Objective: To describe epidemiological trends in injecting and equipment sharing among a sample drawn from a drug-using population with a high rate of HIV infection.
Design: A structured interview was administered prior to treatment to cross-sectional samples of drug users over the period 1988-1991. Reports of injecting, sharing and HIV infection were compared annually.
Setting: Lothian Health Board's Community Drug Problems Service is a secondary level service offering harm reduction and treatment of dependency.
Participants: A total of 734 consecutively referred drug users resident in Edinburgh. Re-referrals in the same calendar year were excluded.
Measures: History of injecting and sharing, recent injecting and sharing, HIV testing history, drugs used in previous month and substitute prescription status.
Results: Large reductions in the frequency of injecting were found over the 4 years even among those who were not receiving oral substitutes. More participants in latter years were receiving prescriptions combining opioids and benzodiazepines. Fewer of those interviewed latterly had ever shared injecting equipment. Among recent injectors just as many share equipment as previously. HIV prevalence did not vary significantly over the period. An HIV prevalence of 19% was reported among recent injectors.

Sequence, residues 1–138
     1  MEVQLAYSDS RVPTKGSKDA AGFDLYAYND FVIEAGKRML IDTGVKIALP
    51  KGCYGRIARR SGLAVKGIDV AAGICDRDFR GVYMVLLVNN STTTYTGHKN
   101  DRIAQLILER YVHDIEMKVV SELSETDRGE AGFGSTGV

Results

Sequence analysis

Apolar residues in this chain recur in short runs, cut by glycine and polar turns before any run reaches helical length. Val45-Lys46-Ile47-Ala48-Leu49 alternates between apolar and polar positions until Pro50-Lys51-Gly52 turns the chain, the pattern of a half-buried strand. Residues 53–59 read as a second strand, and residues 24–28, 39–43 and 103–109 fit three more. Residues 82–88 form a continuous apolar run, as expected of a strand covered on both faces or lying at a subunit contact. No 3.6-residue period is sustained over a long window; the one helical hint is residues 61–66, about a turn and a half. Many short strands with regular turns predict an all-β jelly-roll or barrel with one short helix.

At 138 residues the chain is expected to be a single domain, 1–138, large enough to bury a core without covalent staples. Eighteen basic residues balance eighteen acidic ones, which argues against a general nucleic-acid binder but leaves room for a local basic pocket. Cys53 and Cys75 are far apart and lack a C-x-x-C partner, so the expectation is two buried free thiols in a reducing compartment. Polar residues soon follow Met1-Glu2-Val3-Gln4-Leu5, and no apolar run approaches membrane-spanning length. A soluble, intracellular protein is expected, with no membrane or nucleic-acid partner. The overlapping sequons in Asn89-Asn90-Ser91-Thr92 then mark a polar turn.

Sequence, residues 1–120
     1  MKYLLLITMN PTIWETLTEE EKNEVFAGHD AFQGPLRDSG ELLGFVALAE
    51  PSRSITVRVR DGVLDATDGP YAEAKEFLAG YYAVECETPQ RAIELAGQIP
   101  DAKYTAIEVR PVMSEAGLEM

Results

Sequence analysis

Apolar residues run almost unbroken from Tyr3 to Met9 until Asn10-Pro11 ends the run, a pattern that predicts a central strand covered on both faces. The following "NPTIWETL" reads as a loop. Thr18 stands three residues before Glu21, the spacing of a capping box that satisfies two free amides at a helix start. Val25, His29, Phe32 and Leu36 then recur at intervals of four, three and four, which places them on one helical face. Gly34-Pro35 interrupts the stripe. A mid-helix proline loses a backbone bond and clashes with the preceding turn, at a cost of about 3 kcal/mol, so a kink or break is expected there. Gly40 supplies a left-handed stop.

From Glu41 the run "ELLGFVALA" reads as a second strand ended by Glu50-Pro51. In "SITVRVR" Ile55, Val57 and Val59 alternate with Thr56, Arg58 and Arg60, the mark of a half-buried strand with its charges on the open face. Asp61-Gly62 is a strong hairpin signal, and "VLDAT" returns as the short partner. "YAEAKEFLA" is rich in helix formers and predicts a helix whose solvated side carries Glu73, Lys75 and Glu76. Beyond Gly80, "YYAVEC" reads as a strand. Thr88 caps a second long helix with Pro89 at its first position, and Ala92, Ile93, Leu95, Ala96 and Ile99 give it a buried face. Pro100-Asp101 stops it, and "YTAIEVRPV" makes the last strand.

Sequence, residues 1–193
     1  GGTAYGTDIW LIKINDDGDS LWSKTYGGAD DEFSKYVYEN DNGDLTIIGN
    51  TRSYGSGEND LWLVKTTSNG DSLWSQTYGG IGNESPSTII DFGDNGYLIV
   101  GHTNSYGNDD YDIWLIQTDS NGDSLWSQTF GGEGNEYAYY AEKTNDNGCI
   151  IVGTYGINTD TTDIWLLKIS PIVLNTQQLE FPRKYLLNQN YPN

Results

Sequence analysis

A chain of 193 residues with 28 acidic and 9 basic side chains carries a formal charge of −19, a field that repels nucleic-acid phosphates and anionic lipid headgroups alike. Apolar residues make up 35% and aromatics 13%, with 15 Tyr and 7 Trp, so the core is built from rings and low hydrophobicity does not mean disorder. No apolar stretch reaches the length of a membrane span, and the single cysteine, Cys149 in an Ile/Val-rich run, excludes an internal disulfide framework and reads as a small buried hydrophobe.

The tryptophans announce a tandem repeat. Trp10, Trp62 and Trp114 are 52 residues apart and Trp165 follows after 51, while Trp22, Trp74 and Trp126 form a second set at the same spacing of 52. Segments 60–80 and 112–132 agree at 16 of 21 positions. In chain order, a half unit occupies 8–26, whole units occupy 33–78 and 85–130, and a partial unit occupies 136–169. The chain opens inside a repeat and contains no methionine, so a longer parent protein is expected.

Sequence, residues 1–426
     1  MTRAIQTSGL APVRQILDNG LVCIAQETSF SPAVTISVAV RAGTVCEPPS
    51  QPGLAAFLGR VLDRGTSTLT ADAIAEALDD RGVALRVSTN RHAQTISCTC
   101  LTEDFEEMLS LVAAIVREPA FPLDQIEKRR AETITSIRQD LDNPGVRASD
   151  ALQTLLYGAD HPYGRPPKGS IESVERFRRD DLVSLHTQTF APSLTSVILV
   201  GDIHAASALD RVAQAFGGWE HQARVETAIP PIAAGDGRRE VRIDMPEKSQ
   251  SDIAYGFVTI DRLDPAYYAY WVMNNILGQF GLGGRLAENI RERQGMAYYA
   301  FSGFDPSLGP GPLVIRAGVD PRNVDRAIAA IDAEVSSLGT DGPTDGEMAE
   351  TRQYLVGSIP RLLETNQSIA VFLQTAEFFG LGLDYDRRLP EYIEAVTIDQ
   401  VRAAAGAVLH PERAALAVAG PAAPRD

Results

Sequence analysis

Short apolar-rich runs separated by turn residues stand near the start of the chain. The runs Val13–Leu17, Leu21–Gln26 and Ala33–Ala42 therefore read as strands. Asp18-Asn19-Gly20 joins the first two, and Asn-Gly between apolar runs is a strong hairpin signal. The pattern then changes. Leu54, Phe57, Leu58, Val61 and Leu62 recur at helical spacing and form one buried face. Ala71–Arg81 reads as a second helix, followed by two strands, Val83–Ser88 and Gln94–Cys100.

Conclusions: Edinburgh's drug users are engaging in far safer drug-taking behaviour than previously. Levels of HIV in this population suggest that the epidemic is being contained. A small number persist in high risk drug-related activities. Further investigation of the characteristics of these individuals and the need to develop novel methods of influencing their behaviour are recommended.